After class, Heidi and I teamed up and began driving to different houses around town to pick up Halloween candy for the Mattie Miracle Cancer Foundation drive. People have been responding to a listserv message Heidi posted and I am more than happy to collect the candy from all over. There are so many wonderful groups helping us collect candy this year, too many to even keep track of, but I will try as candy comes in to us. At the moment I know there is a brownie troop, a girl scout troop, a temple community in Maryland, a church and school in DC, a mom's group in Northern Virginia, and many of our devoted friends and members of the Team Mattie community.

It is funny, I rarely go on Facebook, however tonight Peter showed me a Facebook posting about our candy drive. One person responded to the drive with a great deal of questions and concerns because she thought we were giving the candy to childhood cancer patients. The intention of our candy drive is that we collect treats for the families who are stuck within the hospital caring for their children. I assure you while caring for a sick child the last thing you want to eat is nutritious food. It just won't go down and you need the energy from sugary products to help you through some very difficult moments. The candy and chocolates people contribute toward our drive are true treats for these families and these items are not only appreciated but families anxiously await for the arrival of the snack cart on the hospital floor to receive them. Many of these families can't leave the floor for such snacks while caring for their children, so the fact that these treats come to these individuals and are offered for free makes families feel cared about. The snack cart meets the psychosocial needs of families at the most basic of levels.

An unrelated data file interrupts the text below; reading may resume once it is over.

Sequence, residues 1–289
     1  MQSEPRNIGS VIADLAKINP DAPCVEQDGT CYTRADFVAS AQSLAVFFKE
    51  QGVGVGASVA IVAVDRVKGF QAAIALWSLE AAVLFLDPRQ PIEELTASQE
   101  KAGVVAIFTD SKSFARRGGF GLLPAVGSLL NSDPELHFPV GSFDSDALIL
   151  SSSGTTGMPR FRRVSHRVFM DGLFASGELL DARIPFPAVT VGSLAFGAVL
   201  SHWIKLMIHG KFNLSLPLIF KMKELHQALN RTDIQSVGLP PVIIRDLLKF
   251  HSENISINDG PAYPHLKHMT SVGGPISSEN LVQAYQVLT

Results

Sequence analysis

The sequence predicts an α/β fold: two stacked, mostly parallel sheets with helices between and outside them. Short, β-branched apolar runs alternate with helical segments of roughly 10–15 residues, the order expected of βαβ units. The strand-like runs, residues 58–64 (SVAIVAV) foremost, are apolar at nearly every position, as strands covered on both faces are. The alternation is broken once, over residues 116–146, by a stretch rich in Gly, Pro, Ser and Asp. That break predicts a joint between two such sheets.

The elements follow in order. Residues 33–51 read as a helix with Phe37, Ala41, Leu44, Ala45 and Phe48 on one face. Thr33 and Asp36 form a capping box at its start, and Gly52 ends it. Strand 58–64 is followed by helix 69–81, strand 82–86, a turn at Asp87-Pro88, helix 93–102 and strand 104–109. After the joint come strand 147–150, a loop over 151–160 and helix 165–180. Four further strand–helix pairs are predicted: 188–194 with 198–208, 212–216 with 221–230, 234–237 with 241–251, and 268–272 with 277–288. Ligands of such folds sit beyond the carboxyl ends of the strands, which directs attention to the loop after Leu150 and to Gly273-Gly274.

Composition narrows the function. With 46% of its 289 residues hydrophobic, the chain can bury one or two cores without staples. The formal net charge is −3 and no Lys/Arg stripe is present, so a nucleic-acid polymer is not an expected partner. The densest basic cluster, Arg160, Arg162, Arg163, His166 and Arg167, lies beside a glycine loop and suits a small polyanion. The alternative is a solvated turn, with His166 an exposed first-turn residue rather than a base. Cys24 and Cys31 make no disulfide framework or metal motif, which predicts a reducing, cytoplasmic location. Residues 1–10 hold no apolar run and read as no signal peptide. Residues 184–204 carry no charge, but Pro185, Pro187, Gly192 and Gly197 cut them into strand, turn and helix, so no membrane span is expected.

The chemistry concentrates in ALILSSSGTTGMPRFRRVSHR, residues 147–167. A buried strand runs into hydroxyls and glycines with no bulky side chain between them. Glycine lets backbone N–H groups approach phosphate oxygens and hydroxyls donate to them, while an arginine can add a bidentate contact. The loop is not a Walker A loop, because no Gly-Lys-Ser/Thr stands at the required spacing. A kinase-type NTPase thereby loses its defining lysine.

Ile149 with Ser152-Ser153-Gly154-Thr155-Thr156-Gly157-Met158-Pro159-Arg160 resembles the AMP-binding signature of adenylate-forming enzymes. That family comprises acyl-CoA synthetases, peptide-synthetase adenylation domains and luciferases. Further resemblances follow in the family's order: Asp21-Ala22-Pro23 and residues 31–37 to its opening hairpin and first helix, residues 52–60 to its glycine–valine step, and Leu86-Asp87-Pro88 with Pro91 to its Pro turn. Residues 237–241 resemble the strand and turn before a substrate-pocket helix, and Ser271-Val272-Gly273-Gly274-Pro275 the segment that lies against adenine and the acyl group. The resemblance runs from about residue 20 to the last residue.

Later in the day I had the opportunity to meet my friend Alison. Alison was an instrumental leader of Team Mattie, and during that 14 month battle we met often to talk about Mattie and a whole host of emotional thoughts and feelings I had regarding Mattie's treatment and then pending death. Such conversations do not typically occur between friends, and yet we had them, and on occasion still have them. Mattie's cancer and death are surreal for me, and for those intimately involved in caring for us, I am sure on some level this is surreal for them. One of the things Alison shared with me today and that she wanted me to know was that Mattie's memory lives on within many of his friends. I am not sure why I have a hard time accepting that, but I do. There are many things I admit to having a hard time seeing which is why I appreciate it when trusted friends share their insights with me. Today was a day I saw first hand the beauty of being surrounded by sympathetic ears.